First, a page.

Why it’s now or never for fixed rate mortgages

If you’re flirting with the idea of a fixed rate home loan, now may be your last chance to get a killer deal.

A recent surge in the cost of funding term loans has triggered a wave of repricing in the fixed rate mortgage market in the past week.

In a sign that the current low rate cycle may have bottomed, the cost to banks and credit unions of raising funds for three years or more to lend to fixed rate home borrowers has spiked.

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Unlike variable rate mortgages that are linked to the Reserve Bank’s monthly decisions on the cash rate, fixed rate mortgages are priced according to movements in rate benchmarks in the money market.

In Australia, those benchmarks include so-called “bank swap rates”.

Since the middle of this month those rates have risen sharply from record lows, and are now adding to lenders’ funding costs.

While the RBA’s official cash rate was reduced to two per cent at its May board meeting, the cost to banks of borrowing for up to three years on fixed terms in the money market has risen more than 0.2 per cent to 2.25 per cent since April.

If lenders want to raise funds for five years on fixed terms they have to pay a rate of at least 2.62 per cent.

Lenders are now in the process of passing these higher costs to new fixed rate borrowers.

Fixed rates already rising

Reserve Bank of Australia

Rate cuts do not have the same effect on fixed rate mortgages as they do on variable rate ones. Photo: Getty

It hasn’t taken long for home lenders with rates at the sharp end of the fixed rate mortgage market to respond to these cost rises.

In the past week, lenders who were previously marketing the cheapest fixed rate mortgages in four decades have bumped up their pricing on three-, four- and five-year fixed loans.

Many of these lenders had been operating on thin profit margins and have had to reprice to keep their fixed lending books on a sustainable footing.

Financial services research house, Mozo, has compiled the following list of lenders that have increased their fixed rates this month.

• Macquarie Bank – increased fixed rates on four- and five-year loans by 0.25 per cent

Homestar Finance – hiked rates by 0.15 per cent on three-, four- and five-year mortgages

Members’ Equity – lifted five-year fixed rates by 0.5 per cent.

AMP Bank – five-year fixed rate has risen by 0.34 per cent.

Arab Bank – five-year fixed rate up by 0.4 per cent.

QT Mutual – three-year fixed rate up by 0.3 per cent

The following is a table of the fixed rate offers of these lenders after the increases.


Most of these lenders are still competitively priced after the hikes, but mortgage brokers told The New Daily that demand for fixed rate mortgages has begun to wane after the RBA’s latest official rate cut.

Until the middle of this month, most of the lenders mentioned above were selling some fixed rate mortgages at less than four per cent.

This meant that borrowers could fix their home loan rate almost one per cent below the average variable rate at the time.

But that discount is now diminishing.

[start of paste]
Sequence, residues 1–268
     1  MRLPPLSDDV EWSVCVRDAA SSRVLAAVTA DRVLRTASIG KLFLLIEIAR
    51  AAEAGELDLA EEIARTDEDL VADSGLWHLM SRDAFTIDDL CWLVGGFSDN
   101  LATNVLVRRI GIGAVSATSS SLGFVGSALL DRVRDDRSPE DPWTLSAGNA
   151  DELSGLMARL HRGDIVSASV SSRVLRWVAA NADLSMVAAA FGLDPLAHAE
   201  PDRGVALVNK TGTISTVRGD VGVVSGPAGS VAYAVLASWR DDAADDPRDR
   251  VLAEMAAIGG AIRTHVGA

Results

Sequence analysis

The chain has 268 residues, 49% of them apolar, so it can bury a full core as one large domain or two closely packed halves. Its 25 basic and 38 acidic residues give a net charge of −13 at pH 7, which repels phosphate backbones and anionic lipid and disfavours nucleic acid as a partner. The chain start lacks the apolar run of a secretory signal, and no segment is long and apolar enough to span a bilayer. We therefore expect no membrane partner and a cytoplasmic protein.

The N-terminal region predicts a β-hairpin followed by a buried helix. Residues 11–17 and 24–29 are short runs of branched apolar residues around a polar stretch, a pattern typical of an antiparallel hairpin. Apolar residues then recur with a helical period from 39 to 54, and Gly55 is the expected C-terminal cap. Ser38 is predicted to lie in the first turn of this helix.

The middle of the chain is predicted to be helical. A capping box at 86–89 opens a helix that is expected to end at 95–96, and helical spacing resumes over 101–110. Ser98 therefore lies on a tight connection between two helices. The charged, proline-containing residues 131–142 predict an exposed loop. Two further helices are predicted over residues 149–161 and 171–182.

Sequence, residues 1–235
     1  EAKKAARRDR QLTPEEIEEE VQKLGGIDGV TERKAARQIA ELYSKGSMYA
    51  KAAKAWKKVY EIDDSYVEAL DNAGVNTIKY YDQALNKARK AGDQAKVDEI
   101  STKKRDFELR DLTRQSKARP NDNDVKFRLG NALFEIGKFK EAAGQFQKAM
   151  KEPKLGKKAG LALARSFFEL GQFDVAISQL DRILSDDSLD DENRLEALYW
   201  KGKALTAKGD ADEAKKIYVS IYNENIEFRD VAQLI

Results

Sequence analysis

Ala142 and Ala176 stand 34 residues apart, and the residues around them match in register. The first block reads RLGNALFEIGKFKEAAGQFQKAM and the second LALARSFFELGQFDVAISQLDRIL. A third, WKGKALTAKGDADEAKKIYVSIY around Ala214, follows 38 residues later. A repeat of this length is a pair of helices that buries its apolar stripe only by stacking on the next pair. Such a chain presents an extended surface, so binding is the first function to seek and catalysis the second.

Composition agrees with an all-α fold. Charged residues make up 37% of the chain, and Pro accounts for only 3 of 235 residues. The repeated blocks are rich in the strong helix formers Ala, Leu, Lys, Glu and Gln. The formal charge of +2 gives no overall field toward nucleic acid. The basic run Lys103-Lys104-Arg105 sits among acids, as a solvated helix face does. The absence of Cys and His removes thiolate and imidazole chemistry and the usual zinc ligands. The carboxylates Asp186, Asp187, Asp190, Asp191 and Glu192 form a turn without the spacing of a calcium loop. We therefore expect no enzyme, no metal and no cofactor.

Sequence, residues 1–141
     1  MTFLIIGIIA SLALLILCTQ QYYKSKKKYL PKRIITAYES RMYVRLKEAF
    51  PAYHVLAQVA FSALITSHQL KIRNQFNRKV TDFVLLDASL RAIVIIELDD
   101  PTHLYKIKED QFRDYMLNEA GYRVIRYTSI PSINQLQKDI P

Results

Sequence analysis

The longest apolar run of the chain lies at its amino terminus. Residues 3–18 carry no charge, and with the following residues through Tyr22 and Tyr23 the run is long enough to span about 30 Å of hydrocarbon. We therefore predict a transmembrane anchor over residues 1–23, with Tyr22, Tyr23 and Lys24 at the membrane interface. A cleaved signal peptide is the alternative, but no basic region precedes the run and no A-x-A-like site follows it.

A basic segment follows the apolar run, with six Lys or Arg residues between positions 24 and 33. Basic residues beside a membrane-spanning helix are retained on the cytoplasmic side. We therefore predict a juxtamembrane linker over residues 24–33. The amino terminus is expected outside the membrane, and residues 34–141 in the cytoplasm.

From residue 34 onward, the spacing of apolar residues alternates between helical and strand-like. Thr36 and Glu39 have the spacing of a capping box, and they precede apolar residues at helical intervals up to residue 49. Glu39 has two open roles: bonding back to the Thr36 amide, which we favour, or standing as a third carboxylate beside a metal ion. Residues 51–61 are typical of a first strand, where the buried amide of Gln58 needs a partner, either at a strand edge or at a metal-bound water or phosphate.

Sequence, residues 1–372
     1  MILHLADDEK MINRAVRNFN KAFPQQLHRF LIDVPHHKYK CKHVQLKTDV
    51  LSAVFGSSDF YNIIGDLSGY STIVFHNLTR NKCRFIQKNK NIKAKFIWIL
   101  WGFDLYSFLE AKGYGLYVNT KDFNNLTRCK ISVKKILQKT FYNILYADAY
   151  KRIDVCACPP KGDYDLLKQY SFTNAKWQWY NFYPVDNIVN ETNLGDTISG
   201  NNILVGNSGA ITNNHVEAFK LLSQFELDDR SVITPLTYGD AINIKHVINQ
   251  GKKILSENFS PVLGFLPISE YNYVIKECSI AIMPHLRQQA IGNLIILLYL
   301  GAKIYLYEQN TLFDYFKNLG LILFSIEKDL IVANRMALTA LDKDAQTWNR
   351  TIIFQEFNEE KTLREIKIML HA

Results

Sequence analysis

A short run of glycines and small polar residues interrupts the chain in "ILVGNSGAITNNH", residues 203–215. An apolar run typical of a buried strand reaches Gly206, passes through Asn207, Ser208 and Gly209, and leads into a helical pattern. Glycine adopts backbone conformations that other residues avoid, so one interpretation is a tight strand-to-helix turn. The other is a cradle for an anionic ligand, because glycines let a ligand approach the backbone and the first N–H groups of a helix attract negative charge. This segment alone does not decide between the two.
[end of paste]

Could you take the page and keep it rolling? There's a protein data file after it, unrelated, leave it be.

“Until the official rate cut earlier this month, mortgage brokers were reporting solid growth in demand for fixed rate loans,” said Mark Haron, a director of the Connective mortgage broking network.

“Some borrowers are still keen to fix, but the demand has cooled a little since the RBA cut rates on May 5.”

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According to Mozo’s home loan tables, the average price of a variable rate mortgage in Australia is 4.73 per cent after the RBA rate cut.

Mozo director Kirsty Lamont said the discount of fixed rate mortgages to standard variable rates was likely to reduce further.

“Right now it’s still possible to fix a home loan at under 3.5 per cent but the number of loans at this level is decreasing and we are seeing rates at the sharper end of the market starting to go up,” she said.

“I think we have hit the bottom of the current cycle on fixed rate loans and more lenders are going to start raising rates over coming months.

“My advice would be that people thinking about fixing should do it sooner rather than later because the record low fixed rates may not hang around much longer.”

Mr Haron said the recent spikes in money market rates indicated that the recent period of tapering interest rates might be coming to an end.

“The swap rates for three years and beyond have risen sharply in the last three weeks,” he said.

“There is a consensus in the market that we may have reached the bottom of the fixed rate cycle.”

What to do

* If you have been flirting with the idea of fixing your home loan, now is probably the time to make your decision one way or another because fixed rates appear to have bottomed.

* Before taking out a fixed rate loan be aware that most lenders impose a cap on the amount of the loan you can pay off without incurring special charges.

* Fixed rate loans are appropriate for borrowers who do not expect to pay off their home loan early and want the certainty of regular monthly repayments.

* Consult a mortgage broker to determine what type of mortgage is best for your circumstances.

* You can inspect Mozo’s fixed rate mortgage table here.

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